1. Advance buzz. They did a fine job of letting audiences know early on that Dallas was coming back. Early pictures of the cast were released and constant reminders were on view through an effective preliminary campaign. Older fans anticipated the show a good year before the first new episode aired. I remember seeing early footage at movie theaters during "First Look" segments before the feature presentations and it boosted my interest. It all added up to new and old audiences eager and ready to see the drama when it debuted.
2. A good mix of the old and the new. This wasn't a reboot with new actors playing the original characters. Remember all the talk years ago about a movie version with Bruce Willis or John Travolta playing J.R. Ewing? Forget all that. This is a continuation of the stuff fans loved -- no reimagining of South Fork, this is some of the original actors reprising their roles and stepping right back into the familiar roles, just as it should be. Larry Hagman is brilliant and the highlight of the series, joined by the excellent Patrick Duffy as Bobby Ewing and Linda Gray as Sue Ellen. The younger actors are also very good -- Jesse Metcalfe, Jordana Brewster, Julie Gonzalo, and Josh Henderson -- and both generations manage to go toe to toe with each other.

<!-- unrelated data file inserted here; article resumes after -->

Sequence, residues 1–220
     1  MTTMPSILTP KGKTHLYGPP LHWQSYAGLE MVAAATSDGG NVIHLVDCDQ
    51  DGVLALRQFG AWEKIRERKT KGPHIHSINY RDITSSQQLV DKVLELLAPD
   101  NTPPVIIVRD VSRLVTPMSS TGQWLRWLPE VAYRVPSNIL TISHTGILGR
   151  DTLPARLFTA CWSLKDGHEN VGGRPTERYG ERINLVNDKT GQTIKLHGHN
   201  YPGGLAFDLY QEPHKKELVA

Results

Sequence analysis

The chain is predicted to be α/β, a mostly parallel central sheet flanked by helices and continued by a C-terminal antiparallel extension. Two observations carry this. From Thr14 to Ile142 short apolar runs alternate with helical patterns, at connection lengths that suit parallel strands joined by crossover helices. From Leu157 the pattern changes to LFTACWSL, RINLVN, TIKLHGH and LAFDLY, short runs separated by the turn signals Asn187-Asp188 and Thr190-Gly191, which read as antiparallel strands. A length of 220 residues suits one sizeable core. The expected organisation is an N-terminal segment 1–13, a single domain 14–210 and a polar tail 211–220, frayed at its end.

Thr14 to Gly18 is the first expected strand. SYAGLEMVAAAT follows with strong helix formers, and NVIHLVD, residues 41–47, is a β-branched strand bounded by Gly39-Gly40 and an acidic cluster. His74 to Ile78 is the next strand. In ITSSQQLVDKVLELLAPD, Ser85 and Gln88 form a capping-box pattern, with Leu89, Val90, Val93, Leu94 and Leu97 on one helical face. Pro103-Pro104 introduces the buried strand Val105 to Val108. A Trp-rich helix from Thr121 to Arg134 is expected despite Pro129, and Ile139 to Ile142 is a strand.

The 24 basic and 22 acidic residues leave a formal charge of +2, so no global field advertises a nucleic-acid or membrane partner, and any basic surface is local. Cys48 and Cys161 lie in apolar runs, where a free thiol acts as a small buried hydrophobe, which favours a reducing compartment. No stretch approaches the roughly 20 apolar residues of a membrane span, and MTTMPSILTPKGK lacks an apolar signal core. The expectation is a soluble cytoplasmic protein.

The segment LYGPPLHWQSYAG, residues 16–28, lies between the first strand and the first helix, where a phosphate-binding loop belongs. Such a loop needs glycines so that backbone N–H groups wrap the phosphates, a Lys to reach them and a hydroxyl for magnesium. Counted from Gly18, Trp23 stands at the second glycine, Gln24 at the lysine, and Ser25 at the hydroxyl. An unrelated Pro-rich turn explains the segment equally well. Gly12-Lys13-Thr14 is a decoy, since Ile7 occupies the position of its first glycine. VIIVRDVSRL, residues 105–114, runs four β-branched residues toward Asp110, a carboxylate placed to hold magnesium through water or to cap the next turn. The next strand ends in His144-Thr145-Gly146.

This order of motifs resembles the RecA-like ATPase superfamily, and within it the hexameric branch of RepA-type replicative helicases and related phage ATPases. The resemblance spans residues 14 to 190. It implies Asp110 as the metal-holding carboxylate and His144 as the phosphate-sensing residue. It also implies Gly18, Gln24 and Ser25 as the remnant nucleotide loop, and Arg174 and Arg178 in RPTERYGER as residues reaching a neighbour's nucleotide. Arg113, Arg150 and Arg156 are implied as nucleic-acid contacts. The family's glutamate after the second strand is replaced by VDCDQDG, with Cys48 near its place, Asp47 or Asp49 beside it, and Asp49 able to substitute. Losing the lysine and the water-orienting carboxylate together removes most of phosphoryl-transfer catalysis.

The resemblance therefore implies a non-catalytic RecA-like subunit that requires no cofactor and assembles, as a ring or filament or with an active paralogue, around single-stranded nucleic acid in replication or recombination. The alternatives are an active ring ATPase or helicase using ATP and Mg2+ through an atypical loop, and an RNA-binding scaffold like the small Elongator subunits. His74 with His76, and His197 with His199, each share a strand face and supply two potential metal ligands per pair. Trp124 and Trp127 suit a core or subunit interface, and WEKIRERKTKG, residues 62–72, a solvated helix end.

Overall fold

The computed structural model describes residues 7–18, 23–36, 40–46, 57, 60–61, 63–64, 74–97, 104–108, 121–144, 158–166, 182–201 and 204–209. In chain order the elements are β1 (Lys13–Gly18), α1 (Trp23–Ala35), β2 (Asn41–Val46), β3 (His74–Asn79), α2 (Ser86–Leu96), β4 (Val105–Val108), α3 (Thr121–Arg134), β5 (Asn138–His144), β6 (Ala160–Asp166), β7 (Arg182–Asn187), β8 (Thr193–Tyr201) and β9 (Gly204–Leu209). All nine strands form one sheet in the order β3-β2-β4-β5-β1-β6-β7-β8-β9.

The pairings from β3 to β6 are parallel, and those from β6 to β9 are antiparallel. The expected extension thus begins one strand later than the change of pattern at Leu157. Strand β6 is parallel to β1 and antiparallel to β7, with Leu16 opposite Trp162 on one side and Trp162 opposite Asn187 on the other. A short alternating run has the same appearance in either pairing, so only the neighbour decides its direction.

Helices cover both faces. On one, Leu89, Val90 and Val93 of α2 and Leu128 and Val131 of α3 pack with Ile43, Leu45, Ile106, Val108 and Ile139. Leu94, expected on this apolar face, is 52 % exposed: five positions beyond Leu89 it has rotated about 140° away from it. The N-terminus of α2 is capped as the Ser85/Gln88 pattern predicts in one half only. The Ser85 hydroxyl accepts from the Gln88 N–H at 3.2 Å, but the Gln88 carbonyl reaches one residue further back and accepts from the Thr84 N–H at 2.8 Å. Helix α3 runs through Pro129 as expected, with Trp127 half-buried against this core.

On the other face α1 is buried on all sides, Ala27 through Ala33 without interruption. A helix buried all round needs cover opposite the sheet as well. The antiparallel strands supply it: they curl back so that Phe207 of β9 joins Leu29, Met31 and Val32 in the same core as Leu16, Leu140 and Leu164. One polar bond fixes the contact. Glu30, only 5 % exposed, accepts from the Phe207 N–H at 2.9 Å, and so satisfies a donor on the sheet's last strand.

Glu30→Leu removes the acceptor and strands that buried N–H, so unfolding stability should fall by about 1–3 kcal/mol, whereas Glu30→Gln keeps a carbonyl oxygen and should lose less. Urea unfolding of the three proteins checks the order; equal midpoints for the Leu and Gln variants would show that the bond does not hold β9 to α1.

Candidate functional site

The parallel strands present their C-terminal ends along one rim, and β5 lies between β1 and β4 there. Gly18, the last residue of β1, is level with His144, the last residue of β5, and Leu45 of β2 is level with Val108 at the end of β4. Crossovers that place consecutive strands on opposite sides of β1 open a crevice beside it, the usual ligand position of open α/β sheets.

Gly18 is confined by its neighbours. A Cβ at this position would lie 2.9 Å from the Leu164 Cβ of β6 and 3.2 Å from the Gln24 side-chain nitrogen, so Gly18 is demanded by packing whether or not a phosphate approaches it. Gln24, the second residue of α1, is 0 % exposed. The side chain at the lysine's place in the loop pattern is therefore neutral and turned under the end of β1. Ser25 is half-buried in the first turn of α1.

3. Social Media. Log on to Facebook and "Like" the Dallas page and you'll see frequent status updates by J.R. Ewing. It's an entertaining gimmick, drawing thousands of comments. It's the kind of marketing that seems genuine and fun, instead of the boring, uninspired branding traps into which others in the industry always seem to fall.
4. Today's TV landscape is very different from what it used to be. Let's make no mistake, the new Dallas isn't drawing the numbers the original show had when it was on CBS during the peak of the "Who Shot J.R.?" storyline, back when there were only a handful of channels to choose from for your viewing pleasure. Now plenty of other options compete for our leisure time on television and elsewhere, so the ratings Dallas needs to be considered a hit are substantially lower. Even though expectations were lower, it exceeded them. It's still a hit and will return for another season!
5. After all is said and done, it's a good show. The writing is fun and unpredictable. References to the original show are plentiful to delight oldtimers. The production values are terrific, arguably better in some regards than the earlier version.
If you haven't tuned in yet, give it a shot. The moments with J.R. are enough to make it all worthwhile.